Super HD Xtreme is the most recent release from Cellucor which is essentially a high-stim-powered version of the brand’s fat-burner, Super HD…FIND IT HERE
Caffeine triggers the release of Noradrenaline, a potent activator of lipolysis (fat-breakdown). This is primarily why Caffeine is a major ingredient in fat-burners such as Super HD Xtreme.
Cellucor does not disclose the amount of Caffeine Anhydrous present in Super HD Xtreme but based on a 435mg proprietary blend we would estimate somewhere between 150-250mg per serving.
Theacrine is an alkaloid found almost exclusively in Camellia Assamica, also known as Kucha tea. In terms of its chemical structure, Theacrine (1,3,7,9-tetramethyluric acid) is very similar to Caffeine (1,3,7-trimethylxanthine), so its physiological effects are alleged to be similar as well.
We discuss the research behind Theacrine in this article but, to make a long story short, it appears to increase perceived energy levels in humans.
Theacrine definitely helps to enhance the energy aspect of Super HD Xtreme and may enhance the fat-burning effects of such compounds as Caffeine (though further research is needed).
Capsimax is a standardized form of Red Pepper Extract which contains the compound, Capsaicin. Capsaicin has been shown to increase in fat oxidation(relative to placebo) during low intensity exercise in healthy adult males.
In the context of Super HD Xtreme, Capsaicin helps round out the non-stimulant component of the formula.
The combination of Caffeine and Pterostilbene is alleged to have a less rapid onset and offset, effectively smoothing out the transition of perceived energy. Theoretically, this should help the Super HD Xtreme formula in terms of fat-burning as well as duration of perceived energy.
Sceletium tortuosum, also known as Kanna, is an herb mostly indigenous to South Africa which has a long history of use as a mood elevator/anxiolytic. Kanna contains two types of alkaloids, mesembrine tortuosamine, which are alleged to convey the psychoactive effects.
A 2011 study published in the “Journal of Ethnopharmacology” found that Sceletium tortuosum extract had limited anxiolytic effects in rats subjected to psychological stress (in the form of restraint).
While no mechanism of action has been established, the results of the study indicated that the herb does not act as a serotonin reuptake inhibitor (SSRI).
In the context of Super HD Xtreme, Sceletium may help improve mood and cognition.
Ruawolfia Vomitoria is standardized for Rauwolscine (alpha-Yohimbine) which is a close chemical relative of Yohimbine. In the context of Thermo Rev, its function is basically the same, although the psychoactive effects (perceived energy, improved mood, focus, etc.) may be more potent than Yohimbine.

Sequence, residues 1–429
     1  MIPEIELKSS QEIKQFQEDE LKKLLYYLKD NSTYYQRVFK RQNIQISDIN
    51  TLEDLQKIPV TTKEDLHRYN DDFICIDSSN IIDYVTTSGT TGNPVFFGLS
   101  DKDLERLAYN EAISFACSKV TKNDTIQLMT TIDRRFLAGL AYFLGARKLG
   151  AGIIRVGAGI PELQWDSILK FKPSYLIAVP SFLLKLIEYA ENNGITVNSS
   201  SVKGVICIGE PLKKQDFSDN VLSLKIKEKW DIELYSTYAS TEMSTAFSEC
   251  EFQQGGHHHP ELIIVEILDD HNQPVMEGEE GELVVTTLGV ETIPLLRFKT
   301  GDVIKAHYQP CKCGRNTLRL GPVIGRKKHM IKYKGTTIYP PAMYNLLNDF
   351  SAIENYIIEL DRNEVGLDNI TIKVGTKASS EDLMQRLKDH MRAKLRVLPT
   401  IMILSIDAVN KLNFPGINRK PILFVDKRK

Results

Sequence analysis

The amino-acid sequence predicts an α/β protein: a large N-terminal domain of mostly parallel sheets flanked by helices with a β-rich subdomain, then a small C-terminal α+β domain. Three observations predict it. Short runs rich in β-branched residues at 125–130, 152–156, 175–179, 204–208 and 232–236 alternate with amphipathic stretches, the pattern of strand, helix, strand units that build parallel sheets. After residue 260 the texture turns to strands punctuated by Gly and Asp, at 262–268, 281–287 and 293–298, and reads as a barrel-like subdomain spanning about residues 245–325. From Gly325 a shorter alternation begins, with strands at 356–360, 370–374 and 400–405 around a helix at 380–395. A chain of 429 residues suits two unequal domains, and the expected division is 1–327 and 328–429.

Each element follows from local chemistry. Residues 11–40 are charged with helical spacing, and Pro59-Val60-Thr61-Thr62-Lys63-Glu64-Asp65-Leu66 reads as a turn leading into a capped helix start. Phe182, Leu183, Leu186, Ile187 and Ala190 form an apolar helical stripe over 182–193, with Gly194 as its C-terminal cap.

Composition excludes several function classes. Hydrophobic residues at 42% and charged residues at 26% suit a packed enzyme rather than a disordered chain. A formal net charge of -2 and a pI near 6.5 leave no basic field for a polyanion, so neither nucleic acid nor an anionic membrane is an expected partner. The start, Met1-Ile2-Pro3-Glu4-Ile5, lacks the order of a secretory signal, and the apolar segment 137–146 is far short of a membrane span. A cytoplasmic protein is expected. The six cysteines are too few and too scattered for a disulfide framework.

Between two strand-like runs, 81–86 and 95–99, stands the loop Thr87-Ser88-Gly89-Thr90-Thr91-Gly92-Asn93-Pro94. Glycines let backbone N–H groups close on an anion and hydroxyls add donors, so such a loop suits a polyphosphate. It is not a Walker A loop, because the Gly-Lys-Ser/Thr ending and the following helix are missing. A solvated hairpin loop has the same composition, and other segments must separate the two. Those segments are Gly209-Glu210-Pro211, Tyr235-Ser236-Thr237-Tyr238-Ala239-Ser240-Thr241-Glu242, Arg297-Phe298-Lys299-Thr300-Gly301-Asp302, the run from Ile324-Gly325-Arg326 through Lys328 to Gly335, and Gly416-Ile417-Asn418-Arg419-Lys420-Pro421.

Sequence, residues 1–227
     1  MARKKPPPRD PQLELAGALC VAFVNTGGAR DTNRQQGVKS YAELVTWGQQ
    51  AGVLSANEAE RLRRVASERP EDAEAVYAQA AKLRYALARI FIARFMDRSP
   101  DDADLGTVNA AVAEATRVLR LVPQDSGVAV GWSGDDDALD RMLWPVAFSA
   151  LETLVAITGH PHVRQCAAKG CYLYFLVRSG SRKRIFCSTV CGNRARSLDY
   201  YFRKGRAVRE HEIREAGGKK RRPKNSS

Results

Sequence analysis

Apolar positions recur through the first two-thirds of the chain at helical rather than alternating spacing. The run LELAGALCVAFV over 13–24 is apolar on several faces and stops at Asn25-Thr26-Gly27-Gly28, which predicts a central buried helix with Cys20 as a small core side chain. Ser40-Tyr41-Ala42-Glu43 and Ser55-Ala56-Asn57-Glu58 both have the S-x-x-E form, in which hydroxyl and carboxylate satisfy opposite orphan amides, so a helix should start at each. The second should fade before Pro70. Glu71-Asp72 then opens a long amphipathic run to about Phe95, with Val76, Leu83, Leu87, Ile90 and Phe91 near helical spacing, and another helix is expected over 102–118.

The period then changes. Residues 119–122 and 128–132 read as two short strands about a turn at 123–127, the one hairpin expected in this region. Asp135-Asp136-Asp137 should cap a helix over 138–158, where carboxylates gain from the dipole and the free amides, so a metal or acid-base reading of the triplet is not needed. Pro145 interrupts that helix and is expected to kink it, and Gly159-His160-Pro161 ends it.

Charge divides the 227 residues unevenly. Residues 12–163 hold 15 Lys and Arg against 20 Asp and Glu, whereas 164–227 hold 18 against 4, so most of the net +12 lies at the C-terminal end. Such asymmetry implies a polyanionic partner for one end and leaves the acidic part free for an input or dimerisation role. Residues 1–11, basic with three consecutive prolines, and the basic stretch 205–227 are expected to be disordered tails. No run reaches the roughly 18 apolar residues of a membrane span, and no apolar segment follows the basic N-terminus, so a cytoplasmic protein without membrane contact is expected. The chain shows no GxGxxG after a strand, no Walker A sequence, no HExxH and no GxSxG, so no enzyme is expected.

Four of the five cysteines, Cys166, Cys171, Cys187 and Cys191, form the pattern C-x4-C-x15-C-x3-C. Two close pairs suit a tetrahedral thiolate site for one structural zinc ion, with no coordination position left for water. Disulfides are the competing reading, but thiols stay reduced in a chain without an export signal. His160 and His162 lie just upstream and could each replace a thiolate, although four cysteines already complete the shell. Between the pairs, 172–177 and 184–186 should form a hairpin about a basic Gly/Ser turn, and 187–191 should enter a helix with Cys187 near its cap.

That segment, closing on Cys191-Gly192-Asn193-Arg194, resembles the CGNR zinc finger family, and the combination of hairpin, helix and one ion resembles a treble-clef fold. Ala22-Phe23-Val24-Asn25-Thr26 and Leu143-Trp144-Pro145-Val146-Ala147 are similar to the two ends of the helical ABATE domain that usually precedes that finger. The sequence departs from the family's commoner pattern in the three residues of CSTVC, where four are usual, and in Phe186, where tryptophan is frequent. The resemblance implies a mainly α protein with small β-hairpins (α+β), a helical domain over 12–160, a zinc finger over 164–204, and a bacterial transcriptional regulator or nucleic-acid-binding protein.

Cellucor doesn’t disclose the exact amount of Rauwolscine present in Super HD Xtreme but given that very small quantities (1mg) are effective, we aren’t worried about any under-dosing.
The Bottom Line
Super HD Xtreme may be moderately effective as a fat-burner. Since most of the weight-loss potential is derived from stimulants, we wouldn’t recommend it to those who are particularly sensitive to stimulants, have anxiety, or are looking for a non-stimulant weight-loss solution.
Still not sure which fat-burner is right for you? Check out our Top 10 Fat-Burners List!
[expand title=”REFERENCES” tag=”h5″]
- Wang, Yuanyuan, et al. “Theacrine, a purine alkaloid with anti-inflammatory and analgesic activities.” Fitoterapia 81.6 (2010): 627-631.
- Feduccia, Allison A., et al. “Locomotor activation by theacrine, a purine alkaloid structurally similar to caffeine: Involvement of adenosine and dopamine receptors.” Pharmacology Biochemistry and Behavior 102.2 (2012): 241-248
- Habowski, S. M., et al. “The effects of TeacrineTM, a nature-identical purine alkaloid, on subjective measures of cognitive function, psychometric and hemodynamic indices in healthy humans: a randomized, double-blinded crossover pilot trial.” Journal of the International Society of Sports Nutrition11.Suppl 1 (2014): P49.
- Graham, T. E., and L. L. Spriet. “Metabolic, catecholamine, and exercise performance responses to various doses of caffeine.” Journal of Applied Physiology 78.3 (1995): 867-874
- Graham, Terry E. “Caffeine and exercise.” Sports medicine 31.11 (2001): 785-807.
- Ebashi, S., and Mi Endo. “Calcium and muscle contraction.” Progress in biophysics and molecular biology 18 (1968): 123-183
- Poisner, Alan M. “Caffeine–Induced Catecholamine Secretion: Similarity to Caffeine–Induced Muscle Contraction.” Experimental Biology and Medicine142.1 (1973): 103-10
- Kim, Kyung-Mi, et al. “Increase in swimming endurance capacity of mice by capsaicin-induced adrenal catecholamine secretion.” Bioscience, biotechnology, and biochemistry 61.10 (1997): 1718
- Costill, D. L., Gl P. Dalsky, and W. J. Fink. “Effects of caffeine ingestion on metabolism and exercise performance.” Medicine and science in sports 10.3 (1977): 155-158.
- Ohnuki, Koichiro, et al. “Administration of capsiate, a non-pungent capsaicin analog, promotes energy metabolism and suppresses body fat accumulation in mice.” Bioscience, biotechnology, and biochemistry 65.12 (2001): 2735-2740.
- Smith, C. “The effects of< i> Sceletium tortuosum in an< i> in vivo model of psychological stress.” Journal of ethnopharmacology 133.1 (2011): 31-36.
- Smith, Michael T., et al. “Psychoactive constituents of the genus< i> Sceletium NE Br. and other Mesembryanthemaceae: a review.” Journal of ethnopharmacology 50.3 (1996): 119-130
- WATANABE, TATSUO, et al. “Adrenal sympathetic efferent nerve and catechol secretion excitation caused by capsaicin in rats.” (1988).
- Perry, Bruce D., and David C. U’Prichard. “[3 H] rauwolscine (α-yohimbine): A specific antagonist radioligand for brain α 2-adrenergic receptors.” European journal of pharmacology 76.4 (1981): 461-464.